There is not much we can do about the drought except hope and pray that the rain will come soon. In the meantime, we can just be grateful for our beautiful, healthy children and the special times we are able to spend together as a family.
It’s been a very strange December on the farm. We started the month with such optimism that the drought had broken, but sadly there has been almost no rain for weeks. Every day has been scorching hot, dry and often very windy covering everything in a thick layer of dust. The farm is usually a hive of activity at this time of year, but barring a mad rush to plant maize after the rain we had in November, there’s been very little going on since then. It’s hard to see an end to this as the weather forecast for the first two weeks of January predicts more of the same. It’s really heartbreaking to read about all the small towns around the Free State that are completely running out of water. What a contrast to my first summer on the farm five years ago. Then it was one of the wettest ever recorded, now it is the driest. Both conditions made it hard to farm, but at this rate I’d opt for the rain any day.
While there was little happening work-wise on the farm, we had a full house of family over the festive season. All three of Quentin’s sisters were here with their husbands and kids, including the whole Dixon family from Australia. It was a great distraction from reality. Long lazy lunches and dinners, plenty of time in the pool and competitive games of squash, boules, Uno and bridge made for lots of laughter. On Boxing day we walked to a Bushman painting site on our neighbour’s farm, which is really incredible. The images are still so clear and one can recognise the buck and other animals that are still found in our mountains.
As we crunched over the dry grass walking to the site, I could not help but think how lucky I am to have lived in this special place with the man I love for the past five years and to have our two beautiful children. It will rain eventually, and we will get through this difficult time, but in the meantime we can only count our blessings and say thank you for the special times we have spent with the people we love, our family.
Wishing everyone a very blessed and happy 2016! May the rain pour down soon.
Life at Vastrap is very busy at the moment. Looking after Livia and Myles is a full time occupation – she will be 2 at the end of the month and he is now 11 weeks old. Time is really passing so quickly, mostly in a sleep deprived haze! I am also trying to get everything prepared for our holiday visitors. We’ll have a house full of de Bruyns for Christmas and a few other family and friends passing by on their way to the coast. The logistics of shopping and menu planning are quite a challenge living as far as we do from good shops, but a bit of organisation will hopefully mean that we can just relax and enjoy it when everyone is here. Quentin is also extremely busy on the farm. The maize crop has been planted and they are now busy with sunflower and reaping what little there is of the wheat. He never seems to have a moment’s rest, because our annual embryo flushing programme for our Boran cattle is also happening this week, something that takes weeks of preparation and planning, and a lot of stressing about whether it will be a success!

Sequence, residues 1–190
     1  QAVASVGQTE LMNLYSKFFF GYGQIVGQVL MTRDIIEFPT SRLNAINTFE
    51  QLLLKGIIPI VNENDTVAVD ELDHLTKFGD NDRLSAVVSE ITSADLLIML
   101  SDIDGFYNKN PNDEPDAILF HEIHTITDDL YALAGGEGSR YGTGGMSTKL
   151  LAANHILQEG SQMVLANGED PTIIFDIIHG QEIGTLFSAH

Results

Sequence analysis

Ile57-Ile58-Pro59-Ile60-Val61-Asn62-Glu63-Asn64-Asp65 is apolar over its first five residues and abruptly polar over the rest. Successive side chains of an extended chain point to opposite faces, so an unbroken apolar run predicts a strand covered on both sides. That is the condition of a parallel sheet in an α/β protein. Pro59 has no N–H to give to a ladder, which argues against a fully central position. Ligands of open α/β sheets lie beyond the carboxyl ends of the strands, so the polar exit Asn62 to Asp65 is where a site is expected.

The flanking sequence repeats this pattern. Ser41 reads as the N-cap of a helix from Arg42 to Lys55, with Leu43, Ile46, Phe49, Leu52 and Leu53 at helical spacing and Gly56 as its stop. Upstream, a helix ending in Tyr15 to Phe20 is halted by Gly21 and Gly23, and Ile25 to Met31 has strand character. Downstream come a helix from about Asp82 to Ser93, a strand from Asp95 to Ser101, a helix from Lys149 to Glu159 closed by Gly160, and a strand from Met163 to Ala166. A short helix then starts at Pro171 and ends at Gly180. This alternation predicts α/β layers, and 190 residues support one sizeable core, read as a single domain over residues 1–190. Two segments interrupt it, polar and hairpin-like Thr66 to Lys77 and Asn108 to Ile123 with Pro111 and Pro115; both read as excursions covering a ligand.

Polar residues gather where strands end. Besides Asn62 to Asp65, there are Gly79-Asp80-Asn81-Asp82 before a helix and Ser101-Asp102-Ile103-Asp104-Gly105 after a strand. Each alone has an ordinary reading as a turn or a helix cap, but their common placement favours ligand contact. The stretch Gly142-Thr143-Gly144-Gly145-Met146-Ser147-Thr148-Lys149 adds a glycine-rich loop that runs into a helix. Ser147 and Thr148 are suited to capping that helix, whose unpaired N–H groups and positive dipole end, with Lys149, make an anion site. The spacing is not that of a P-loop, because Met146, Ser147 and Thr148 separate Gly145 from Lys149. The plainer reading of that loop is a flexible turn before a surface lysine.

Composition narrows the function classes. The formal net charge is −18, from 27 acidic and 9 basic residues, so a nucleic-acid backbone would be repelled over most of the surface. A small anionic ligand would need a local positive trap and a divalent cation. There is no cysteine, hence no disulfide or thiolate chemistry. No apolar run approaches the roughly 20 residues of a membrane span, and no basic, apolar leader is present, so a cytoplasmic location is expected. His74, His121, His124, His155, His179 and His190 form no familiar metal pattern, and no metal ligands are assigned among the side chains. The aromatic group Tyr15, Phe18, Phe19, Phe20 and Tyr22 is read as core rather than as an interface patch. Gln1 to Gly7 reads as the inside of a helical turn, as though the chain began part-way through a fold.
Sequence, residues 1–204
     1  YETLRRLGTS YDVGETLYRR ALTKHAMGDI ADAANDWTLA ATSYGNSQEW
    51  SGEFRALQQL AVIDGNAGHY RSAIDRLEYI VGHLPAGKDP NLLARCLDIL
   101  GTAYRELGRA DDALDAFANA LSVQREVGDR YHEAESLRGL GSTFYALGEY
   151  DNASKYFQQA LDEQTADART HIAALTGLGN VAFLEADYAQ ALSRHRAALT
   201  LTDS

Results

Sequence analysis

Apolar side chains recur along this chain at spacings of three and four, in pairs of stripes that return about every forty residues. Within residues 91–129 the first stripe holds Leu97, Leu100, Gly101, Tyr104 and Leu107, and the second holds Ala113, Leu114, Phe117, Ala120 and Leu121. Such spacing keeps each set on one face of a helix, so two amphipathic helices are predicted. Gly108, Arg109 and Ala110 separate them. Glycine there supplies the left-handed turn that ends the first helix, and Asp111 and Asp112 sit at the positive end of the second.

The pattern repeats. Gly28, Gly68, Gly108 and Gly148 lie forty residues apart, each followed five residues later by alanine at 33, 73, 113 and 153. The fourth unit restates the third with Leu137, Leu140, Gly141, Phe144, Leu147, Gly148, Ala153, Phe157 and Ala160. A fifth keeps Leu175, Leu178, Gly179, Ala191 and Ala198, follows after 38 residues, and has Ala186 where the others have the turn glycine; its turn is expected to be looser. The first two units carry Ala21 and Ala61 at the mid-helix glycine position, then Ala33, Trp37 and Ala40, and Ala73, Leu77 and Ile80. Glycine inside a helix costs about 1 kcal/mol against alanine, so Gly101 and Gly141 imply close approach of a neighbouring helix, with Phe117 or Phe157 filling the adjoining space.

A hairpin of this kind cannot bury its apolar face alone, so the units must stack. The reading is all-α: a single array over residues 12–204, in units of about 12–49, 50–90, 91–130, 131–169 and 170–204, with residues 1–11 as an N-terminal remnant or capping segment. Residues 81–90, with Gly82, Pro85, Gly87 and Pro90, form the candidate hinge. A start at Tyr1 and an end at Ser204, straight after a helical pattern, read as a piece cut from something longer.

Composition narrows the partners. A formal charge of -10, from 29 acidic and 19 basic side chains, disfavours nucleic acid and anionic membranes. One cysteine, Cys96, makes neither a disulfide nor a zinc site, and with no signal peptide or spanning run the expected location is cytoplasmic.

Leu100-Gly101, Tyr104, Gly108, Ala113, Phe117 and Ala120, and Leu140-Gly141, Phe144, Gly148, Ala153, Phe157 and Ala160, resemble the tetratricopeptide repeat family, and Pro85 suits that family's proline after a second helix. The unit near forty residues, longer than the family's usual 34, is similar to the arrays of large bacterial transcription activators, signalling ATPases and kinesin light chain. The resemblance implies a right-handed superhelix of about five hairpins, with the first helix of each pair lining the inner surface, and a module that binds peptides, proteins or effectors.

At busy times like these, the only way to spend quality time together as a family is to join Quentin on his trips around the farm. This past weekend we all went up the mountain to check whether there is water in the dam up there. Although there’s a lot of grazing on the mountain it is very under-utilised, because the veld is sour so the animals don’t like it and water is scarce. The road was extremely bumpy so I got out with Myles to take photos, while Quentin and Livia went to check on the dam, which turned out to be empty. I just love the views from up there and it was wonderful to see spots of green emerging. On the way home we had to herd some cattle that were in the road. Our little cowgirl Livia was a very eager assistant to her daddy!
It’s been a nail-biting November waiting for rain. Massive dust storms have been a regular occurrence in the district and it feels like there hasn’t been a day without a howling wind. By last week the veld at Vastrap was looking very desert-like with no roughage or green shoots for the animals. Things were so bad that we started grazing animals in the road and calling in favours to get extra feed bales from the Cape. Worse than that, most of our earth dams had run dry. In his 16 years on the farm, Quentin cannot remember it ever looking worse. Don’t even mention the poor wheat crop!
I am very happy to report that things are looking considerably brighter since this weekend. There was a huge storm on Friday that brought hail and lovely drenching rain, enough to refill most of our dams, some even to overflowing! It will take a week or two for the veld to rejuvenate, but at least there is water for the animals to drink. The rain also heralds the start of the summer crop planting season, which in our district includes maize, sunflower and soya. Work kicked off early this morning with the tractors heading out first thing to get the planting started. It will be a mad rush now to get everything done by 10 December, the very latest that maize should be planted given the risk of early frost.